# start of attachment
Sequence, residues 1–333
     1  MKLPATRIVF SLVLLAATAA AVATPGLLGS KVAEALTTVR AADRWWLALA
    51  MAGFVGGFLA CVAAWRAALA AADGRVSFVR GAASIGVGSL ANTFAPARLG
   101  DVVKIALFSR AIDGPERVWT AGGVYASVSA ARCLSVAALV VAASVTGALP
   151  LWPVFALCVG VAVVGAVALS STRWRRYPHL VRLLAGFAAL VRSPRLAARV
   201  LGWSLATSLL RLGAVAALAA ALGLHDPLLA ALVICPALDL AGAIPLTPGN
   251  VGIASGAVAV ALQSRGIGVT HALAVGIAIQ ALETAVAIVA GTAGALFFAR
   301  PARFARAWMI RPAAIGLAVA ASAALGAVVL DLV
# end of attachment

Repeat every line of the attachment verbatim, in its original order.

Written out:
Sequence, residues 1–333
     1  MKLPATRIVF SLVLLAATAA AVATPGLLGS KVAEALTTVR AADRWWLALA
    51  MAGFVGGFLA CVAAWRAALA AADGRVSFVR GAASIGVGSL ANTFAPARLG
   101  DVVKIALFSR AIDGPERVWT AGGVYASVSA ARCLSVAALV VAASVTGALP
   151  LWPVFALCVG VAVVGAVALS STRWRRYPHL VRLLAGFAAL VRSPRLAARV
   201  LGWSLATSLL RLGAVAALAA ALGLHDPLLA ALVICPALDL AGAIPLTPGN
   251  VGIASGAVAV ALQSRGIGVT HALAVGIAIQ ALETAVAIVA GTAGALFFAR
   301  PARFARAWMI RPAAIGLAVA ASAALGAVVL DLV